Make a Donation

Consider making a donation to support SHAKSPER.

Subscribe to Our Feeds

Current Postings RSS

Announcements RSS

Home :: Archive :: 1994 :: November ::
Re: Sh on CD-ROM; *Shrew* Productions; Popularity
Shakespeare Electronic Conference, Vol. 5, No. 0933.  Friday, 18 November 1994.
 
(1)     From:   Judie Porter <
 This e-mail address is being protected from spambots. You need JavaScript enabled to view it
 >
        Date:   Thursday, 17 Nov 1994 12:47:58 -0500 (EST)
        Subj:   RE: SHK 5.0927  Qs: Shakespeare on CD-ROM
 
(2)     From:   Jim Helsinger <
 This e-mail address is being protected from spambots. You need JavaScript enabled to view it
 >
        Date:   Thursday, 17 Nov 1994 13:41:18 -0500
        Subj:   RE: Taming of the Shrew
 
(3)     From:   David Levine <
 This e-mail address is being protected from spambots. You need JavaScript enabled to view it
 >
        Date:   Thursday, 17 Nov 1994 22:33:08 -0500
        Subj:   Re: SHK 5.0917 Qs: Sh Grammar...
 
 
(1)----------------------------------------------------------------------------
From:           Judie Porter <
 This e-mail address is being protected from spambots. You need JavaScript enabled to view it
 >
Date:           Thursday, 17 Nov 1994 12:47:58 -0500 (EST)
Subject: 5.0927  Qs: Shakespeare on CD-ROM
Comment:        RE: SHK 5.0927  Qs: Shakespeare on CD-ROM
 
To Todd Lidh
 
I just read the Education Technology News of Nov. 8, 1994, and they mention a
new product--Extensive Shakespeare Collection on CD-ROM, coming out next year.
It is called Editions and Adaptions of Shakespeare, and is a full-text database
of the major historical editions and theater adaptions of William Shakespeare.
It's from Chadwyck-Healey.  Says it will include complete text of 11 major
editions from the First Folio to the Cambridge edition of 1863-66.  24
contemporary quarto and octavo editions, selected apocryphal plays and more
than 100 adaptions. Sorry, I sound like a sales person, but I'm copying this
off the announcement.  Also includes a phone number 800 752-0515. Maybe this
will help.
 
Judie Porter, Media Specialist, Portsmouth Schools, R.I.

 This e-mail address is being protected from spambots. You need JavaScript enabled to view it
 
 
(2)----------------------------------------------------------------------------
From:           Jim Helsinger <
 This e-mail address is being protected from spambots. You need JavaScript enabled to view it
 >
Date:           Thursday, 17 Nov 1994 13:41:18 -0500
Subject:        RE: Taming of the Shrew
 
>There's obviously something wrong with my e-mail. It recorded Jim Helsinger as
>claiming that Kate's final words represent " a speech of growth for her as a
>person". Ho ho. Could somebody tell me what he actually wrote
 
I e-mailed a personal reply, which Terence Hawkes <
 This e-mail address is being protected from spambots. You need JavaScript enabled to view it
 > has
asked me to share:
 
>I did not say the *words* represent "a speech of growth"...
>I said that is the way the speech needs to be played. Very different things.
If, at the end of the play, that >speech sounds like Kate is less of a person
or a worse-off person  the audience hates the speech, hates Kate, >hates the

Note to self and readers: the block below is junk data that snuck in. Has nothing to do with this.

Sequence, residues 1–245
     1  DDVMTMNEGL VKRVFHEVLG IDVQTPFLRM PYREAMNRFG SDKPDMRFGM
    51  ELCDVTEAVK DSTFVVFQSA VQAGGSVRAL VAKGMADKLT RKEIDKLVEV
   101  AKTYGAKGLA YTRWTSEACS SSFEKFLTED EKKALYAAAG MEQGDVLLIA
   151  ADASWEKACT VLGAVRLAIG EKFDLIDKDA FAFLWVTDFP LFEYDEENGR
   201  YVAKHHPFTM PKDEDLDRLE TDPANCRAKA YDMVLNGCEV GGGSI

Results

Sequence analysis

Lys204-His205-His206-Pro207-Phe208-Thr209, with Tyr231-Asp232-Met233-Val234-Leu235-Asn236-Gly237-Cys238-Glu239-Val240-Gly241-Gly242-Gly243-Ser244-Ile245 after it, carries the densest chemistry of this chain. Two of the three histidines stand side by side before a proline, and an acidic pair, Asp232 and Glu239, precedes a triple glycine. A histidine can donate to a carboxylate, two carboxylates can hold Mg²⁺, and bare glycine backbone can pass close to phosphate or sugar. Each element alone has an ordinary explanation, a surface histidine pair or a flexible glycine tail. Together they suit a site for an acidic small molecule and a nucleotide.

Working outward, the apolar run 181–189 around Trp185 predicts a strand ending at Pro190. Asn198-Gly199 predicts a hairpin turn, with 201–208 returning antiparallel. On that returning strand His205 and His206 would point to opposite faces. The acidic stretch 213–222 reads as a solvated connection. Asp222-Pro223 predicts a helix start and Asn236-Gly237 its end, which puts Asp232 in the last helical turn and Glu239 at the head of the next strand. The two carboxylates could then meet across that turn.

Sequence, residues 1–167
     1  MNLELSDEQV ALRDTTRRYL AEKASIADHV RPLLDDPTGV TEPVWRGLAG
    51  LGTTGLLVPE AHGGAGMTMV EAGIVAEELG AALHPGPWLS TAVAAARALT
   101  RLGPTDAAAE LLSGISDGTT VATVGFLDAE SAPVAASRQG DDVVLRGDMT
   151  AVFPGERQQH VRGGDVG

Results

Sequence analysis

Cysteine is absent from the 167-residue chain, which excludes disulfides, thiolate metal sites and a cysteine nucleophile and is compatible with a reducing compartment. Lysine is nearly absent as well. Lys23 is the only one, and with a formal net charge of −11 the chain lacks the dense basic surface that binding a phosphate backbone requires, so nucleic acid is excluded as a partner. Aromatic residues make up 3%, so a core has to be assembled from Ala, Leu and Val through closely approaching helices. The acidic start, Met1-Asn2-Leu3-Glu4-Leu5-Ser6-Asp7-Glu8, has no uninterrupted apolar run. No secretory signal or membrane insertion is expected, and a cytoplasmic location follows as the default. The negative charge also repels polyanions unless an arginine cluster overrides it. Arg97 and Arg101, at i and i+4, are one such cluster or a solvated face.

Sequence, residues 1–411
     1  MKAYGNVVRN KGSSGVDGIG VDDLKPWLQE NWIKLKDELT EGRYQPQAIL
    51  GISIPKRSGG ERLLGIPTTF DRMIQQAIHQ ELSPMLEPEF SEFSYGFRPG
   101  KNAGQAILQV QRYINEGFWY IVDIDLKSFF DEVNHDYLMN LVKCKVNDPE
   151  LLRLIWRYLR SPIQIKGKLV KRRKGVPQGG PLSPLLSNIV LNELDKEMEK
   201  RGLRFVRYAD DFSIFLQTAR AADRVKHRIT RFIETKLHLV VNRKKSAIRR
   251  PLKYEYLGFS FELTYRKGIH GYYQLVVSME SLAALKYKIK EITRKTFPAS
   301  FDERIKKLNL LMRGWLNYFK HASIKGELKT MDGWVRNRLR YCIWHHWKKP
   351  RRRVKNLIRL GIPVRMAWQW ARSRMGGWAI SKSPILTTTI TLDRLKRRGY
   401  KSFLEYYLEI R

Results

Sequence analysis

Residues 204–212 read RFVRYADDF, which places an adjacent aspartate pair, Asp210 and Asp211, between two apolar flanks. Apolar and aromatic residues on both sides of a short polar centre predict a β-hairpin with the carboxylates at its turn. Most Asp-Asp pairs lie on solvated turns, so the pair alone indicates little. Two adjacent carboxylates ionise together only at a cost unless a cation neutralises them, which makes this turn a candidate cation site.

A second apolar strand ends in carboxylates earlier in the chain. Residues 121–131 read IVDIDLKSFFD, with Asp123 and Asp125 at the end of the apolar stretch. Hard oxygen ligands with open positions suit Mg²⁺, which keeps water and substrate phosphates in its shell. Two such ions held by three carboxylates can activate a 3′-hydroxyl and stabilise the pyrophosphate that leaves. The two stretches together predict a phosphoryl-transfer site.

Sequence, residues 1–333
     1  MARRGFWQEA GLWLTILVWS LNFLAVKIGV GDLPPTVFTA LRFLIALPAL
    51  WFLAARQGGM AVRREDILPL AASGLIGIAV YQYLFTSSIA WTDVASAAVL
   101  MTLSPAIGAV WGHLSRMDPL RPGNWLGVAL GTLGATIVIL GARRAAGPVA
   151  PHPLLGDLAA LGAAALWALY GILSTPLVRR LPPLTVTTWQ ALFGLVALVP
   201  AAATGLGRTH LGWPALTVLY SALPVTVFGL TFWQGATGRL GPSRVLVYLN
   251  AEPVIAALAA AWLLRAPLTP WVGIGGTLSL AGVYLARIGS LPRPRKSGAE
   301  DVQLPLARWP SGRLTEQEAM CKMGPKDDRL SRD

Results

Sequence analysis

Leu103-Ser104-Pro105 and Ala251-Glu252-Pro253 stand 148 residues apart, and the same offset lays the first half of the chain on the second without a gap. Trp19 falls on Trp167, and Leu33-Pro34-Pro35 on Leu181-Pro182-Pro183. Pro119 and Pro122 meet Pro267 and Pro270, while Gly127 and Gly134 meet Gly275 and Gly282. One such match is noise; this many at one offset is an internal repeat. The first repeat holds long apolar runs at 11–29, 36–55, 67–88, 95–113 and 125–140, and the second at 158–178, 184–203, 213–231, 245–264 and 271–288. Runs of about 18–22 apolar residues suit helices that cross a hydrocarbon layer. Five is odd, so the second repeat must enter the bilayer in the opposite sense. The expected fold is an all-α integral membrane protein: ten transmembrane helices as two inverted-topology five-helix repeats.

play.  That's my experience.
 
>I didn't say the speech was stroll in the park and a moral for all time.
Times have changed, thank god, since >1600, and the speech is hard to
swallow, and full of lots of things that are hard to say or approve of. I
>totally agree with that.  And there is room for productions like the RSC,
where Kate ends up a brain-washed >automaton. BUT the audience, I think, then
hates the speech, hates Kate, hates the play.
 
>I have much more to say on this speech as I just heard it about 50 times in
auditions this week and have >done the playin four full productions. Write
back with your opinion.
 
At Terence Hawkes's request, I would like to open this topic of the play and
the last speech to more discussion. it's a sticky wicket and I'm happy to hear
more comments, questions, ways you have seen it done, or would like to, etc.
Particularly how to deal with this play to todays modern audience. I am well
aware that it was written for a different time period, but we still have to
perform it today.
 
(3)----------------------------------------------------------------------------
From:           David Levine <
 This e-mail address is being protected from spambots. You need JavaScript enabled to view it
 >
Date:           Thursday, 17 Nov 1994 22:33:08 -0500
Subject: 5.0917 Qs: Sh Grammar...
Comment:        Re: SHK 5.0917 Qs: Sh Grammar...
 
This is of couse a complex phenomenon, and just about everyone feels free to
expound upon it, since all you need to do so is a bright idea. I figure that
there are certain commercial considerations.  There is also the notion of a
"fit" and even the fact that a certain company over time will establish a
pattern of doing certain plays, so that each new director and actor will want a
crack at it (think of the RSC and its periodic cycles of the wars of the roses
plays done by Barton and Hall, Bogdanov, Hands, Noble, etc).  Then there is the
fact that plays may have to wait to find their audiences (I forget the gap
between productions of Troilus and Cressida, but I remember it as being a
couple of hundred years, and in the '60's it was all the rage (pace Vietnam),
but has since become a tad less popular.  Don't forget that for a hundred fifty
years or so, they just didn't perform the real Lear.  I'm not sure, but you
might check Robert Weimann's work to see if he has anything to say about
this.....
 

Other Messages In This Thread

©2011 Hardy Cook. All rights reserved.